Market consolidation, the collapse of pay-TV prices and reductions in state subsidies are just three reasons why co-production markets are booming.

They may have started as the poor man's film market - there being no movies to see - but the importance of co-production markets is growing as sources of production finance shrink; to the point where it is difficult for even established film-makers to find money to make their films.

The model was established 20 years ago, when the Rotterdam International Film Festival launched CineMart as an alternative to the established circuit of film markets.

While buyers and producers at Cannes, Mifed and the AFM are eager to discuss future projects, there was no established forum for such discussion. Rotterdam saw an opportunity to create an event out of these hypothetical films.

Every year, CineMart invites a select number of producers to a five-day event to present their feature projects to potential co-producers, bankers, funds, sales agents, distributors and TV buyers.

The CineMart template has been exported and adapted around the world, most prominently at the No Borders Co-production Market, which completed its eighth event at the IFP Market in New York in September, and the Pusan Promotion Plan (PPP) at Korea's Pusan International Film Festival, which wrapped its fifth edition in November.

The operative phrase is "a select number of producers". Just as a film festival's stature rests on the taste of its programmers, the same is true of a co-production market. "The heart of CineMart is project selection," says Ido Abram, who has headed the event for five years. "Quality is the most important criterion. Financial viability is next."

While success stories were slow in coming in the early years, CineMart's wall of fame is looking pretty impressive these days. There was Breaking The Waves in 1995 and Boys Don't Cry in 1996 and Central Station in 1997. In 2001, there was the Mexican smash-hit The Crime Of Father Amaro and Peter Mullan's Venice winner The Magdalene Sisters. The 2002 event featured Tian Zhuangzhuang's Springtime In A Small Town, Fruit Chan's Public Toilet and Catherine Breillat's Sex Is Comedy.

Demonstrating its financial impact, PPP points to Aktan Abdyklakov's Un Certain regard hit The Chimp which found a co-production partner in Bitters End of Japan; Fruit Chan's Locarno prize-winner Little Cheung finding investment from NHK and Canal Plus; and Viet Linh Nguyen's There Once Was A Time When, which saw Kodak Asia cover half its budget in 2000 as well as the film premiere this year in the main Pusan festival.

Measuring effectiveness is a slow process, so results may be better demonstrated in terms of projects continuing to move on from development into production - and have their quality affirmed by later attendance at major international film festivals.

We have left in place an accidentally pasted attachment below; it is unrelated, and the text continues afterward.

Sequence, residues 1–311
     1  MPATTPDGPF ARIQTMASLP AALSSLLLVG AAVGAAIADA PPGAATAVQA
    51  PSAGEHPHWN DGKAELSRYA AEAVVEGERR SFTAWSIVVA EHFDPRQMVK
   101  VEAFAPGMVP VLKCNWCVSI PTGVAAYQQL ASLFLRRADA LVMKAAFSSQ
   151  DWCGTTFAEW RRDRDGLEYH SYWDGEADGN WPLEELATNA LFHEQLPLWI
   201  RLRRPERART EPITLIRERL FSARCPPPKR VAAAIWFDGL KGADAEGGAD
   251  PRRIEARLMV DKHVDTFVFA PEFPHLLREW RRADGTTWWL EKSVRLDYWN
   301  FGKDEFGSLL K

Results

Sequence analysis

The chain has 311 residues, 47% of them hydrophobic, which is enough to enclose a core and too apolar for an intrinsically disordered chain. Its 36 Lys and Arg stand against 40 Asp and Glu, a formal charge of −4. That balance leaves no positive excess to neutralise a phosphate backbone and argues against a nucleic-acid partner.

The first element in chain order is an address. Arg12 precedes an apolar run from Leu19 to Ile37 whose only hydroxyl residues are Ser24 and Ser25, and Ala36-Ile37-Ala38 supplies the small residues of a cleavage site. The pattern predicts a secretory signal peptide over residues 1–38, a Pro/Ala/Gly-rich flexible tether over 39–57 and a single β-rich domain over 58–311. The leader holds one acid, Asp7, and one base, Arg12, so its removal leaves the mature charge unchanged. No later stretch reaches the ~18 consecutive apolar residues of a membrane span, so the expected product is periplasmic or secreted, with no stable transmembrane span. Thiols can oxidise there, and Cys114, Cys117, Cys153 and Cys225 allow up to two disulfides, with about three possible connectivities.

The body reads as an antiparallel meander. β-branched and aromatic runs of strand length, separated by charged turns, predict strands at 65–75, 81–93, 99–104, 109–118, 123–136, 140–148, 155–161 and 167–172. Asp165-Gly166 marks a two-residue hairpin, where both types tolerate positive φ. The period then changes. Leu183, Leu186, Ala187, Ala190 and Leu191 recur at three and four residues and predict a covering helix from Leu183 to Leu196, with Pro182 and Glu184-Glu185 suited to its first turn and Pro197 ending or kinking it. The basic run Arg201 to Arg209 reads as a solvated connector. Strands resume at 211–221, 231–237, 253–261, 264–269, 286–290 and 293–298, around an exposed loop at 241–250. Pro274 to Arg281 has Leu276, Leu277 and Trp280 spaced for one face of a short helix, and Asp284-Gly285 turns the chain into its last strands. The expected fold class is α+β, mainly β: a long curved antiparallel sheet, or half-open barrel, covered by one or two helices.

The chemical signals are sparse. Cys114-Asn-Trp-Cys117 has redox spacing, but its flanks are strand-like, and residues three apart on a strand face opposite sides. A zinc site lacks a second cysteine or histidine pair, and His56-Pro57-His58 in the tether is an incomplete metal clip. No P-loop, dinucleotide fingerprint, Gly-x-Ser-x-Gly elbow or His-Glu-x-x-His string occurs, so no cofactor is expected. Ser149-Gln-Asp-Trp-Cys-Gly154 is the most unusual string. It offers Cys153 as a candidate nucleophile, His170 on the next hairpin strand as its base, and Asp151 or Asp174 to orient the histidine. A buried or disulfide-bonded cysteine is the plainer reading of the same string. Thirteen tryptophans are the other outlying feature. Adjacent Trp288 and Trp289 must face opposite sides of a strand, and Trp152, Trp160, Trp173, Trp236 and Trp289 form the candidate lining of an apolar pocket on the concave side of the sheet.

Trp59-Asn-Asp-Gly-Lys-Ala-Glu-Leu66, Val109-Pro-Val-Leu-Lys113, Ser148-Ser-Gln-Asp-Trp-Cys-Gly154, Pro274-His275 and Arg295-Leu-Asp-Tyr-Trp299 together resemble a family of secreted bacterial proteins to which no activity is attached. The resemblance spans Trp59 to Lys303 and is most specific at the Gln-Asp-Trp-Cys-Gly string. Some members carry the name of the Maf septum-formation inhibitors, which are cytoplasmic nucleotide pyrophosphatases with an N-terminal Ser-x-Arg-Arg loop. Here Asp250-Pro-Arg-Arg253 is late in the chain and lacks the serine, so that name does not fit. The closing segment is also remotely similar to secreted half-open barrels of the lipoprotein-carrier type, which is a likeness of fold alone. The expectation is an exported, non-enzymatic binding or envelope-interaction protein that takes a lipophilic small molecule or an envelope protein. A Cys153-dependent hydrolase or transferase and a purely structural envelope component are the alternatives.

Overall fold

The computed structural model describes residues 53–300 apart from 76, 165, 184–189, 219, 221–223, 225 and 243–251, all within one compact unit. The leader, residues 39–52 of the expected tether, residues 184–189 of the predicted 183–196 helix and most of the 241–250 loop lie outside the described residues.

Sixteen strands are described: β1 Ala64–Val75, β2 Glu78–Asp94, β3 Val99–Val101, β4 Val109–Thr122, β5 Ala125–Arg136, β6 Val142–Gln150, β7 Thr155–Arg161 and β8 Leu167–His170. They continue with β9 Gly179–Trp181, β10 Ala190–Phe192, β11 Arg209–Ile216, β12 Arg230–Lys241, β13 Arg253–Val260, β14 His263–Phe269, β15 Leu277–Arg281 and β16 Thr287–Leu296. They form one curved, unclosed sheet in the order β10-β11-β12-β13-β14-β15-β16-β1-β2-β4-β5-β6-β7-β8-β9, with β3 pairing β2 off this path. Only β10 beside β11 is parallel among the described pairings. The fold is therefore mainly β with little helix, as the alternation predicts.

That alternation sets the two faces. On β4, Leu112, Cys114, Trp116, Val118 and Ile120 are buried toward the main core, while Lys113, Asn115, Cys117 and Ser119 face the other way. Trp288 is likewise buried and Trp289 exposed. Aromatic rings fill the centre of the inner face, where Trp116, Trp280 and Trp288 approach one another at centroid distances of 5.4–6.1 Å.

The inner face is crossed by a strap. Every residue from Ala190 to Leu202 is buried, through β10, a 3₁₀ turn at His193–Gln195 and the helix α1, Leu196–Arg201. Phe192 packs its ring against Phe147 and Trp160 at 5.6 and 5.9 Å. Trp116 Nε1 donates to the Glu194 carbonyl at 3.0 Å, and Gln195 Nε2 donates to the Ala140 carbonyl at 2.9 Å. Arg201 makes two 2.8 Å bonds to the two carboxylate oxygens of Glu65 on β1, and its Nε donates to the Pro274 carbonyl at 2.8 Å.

Other films that the PPP has helped become high-profile include Lee Chang Dong's Venice 2002 prize-winner Oasis, Liu Bingjian's Cannes Director's Fortnight drama Cry Woman, Berlin Silver Bear-winner Betelnut Beauty and Wang Xiaoshuai's Beijing Bicycle.

Frances Higson, who produced Peter Mullan's debut Orphans, was hard at work on financing his second film when she applied to attend CineMart 2001. "I was following any leads wherever because I knew that Peter was keen to shoot the film that year".

She was desperate to get the $4.4m (£2.8m) budget in place. When she arrived in Rotterdam, she had $786,000 (£500,000) from Scottish Screen and a promise from the Film Council's New Cinema Fund; but the Council's Paul Trijbits would not commit hard cash until he saw a finance plan that made sense.

Higson paints a picture of a producer's dream come true. "It was fantastic. I had 40 or 50 meetings set up for me over five days." At the end, there was a bidding war for Italian rights. And Exception (then known as Wild Bunch) had taken on world sales duties.

"In Cannes," says Higson, "you're a poor relative going around the doors of grand hotels begging. Whereas at CineMart, they create an arena so that you can sell your film to the best of your ability. It's like they're your producer's representative."

And buyers are equally impressed by the structure. Charlotte Mickie, managing director, international motion picture sales, Alliance Atlantis Entertainment Group, says that because co-production markets are "'curated', there's a level of project and filmmaker that is desirable."

Europeans are even more enthusiastic about the likes of CineMart and PPP. Wouter Barendrecht, co-chairman of Fortissimo Film Sales attended CineMart 2002 last January, holding world rights to Springtime, which had shot but needed further cash to complete post-production. He secured French investors and then watched the film win the inaugural San Marco prize at Venice this September.

Barendrecht says, "Coproduction markets are very useful as education for young filmmakers, and industry people new to the international scene. These are not projects that have been around the block."

As the co-production market concept gains increasing status, similar events are rapidly taking shape, including Pitch Point at Berlin and the HAF in Hong Kong and such hybrids as Immersion, a forum for Canadian filmmakers to meet European co-production partners.

Cinemart's Abram, who attended Immersion 2002 in November, is happy to take some credit for the proliferation. He's unconcerned by competition. "These days it's so difficult to finance art house films, the more possibilities of making these films, the better. If co-production markets can contribute to that, how can I object' We're seeing acclaimed filmmakers coming to us instead of our begging them to come."

Patrick Frater contributed to this article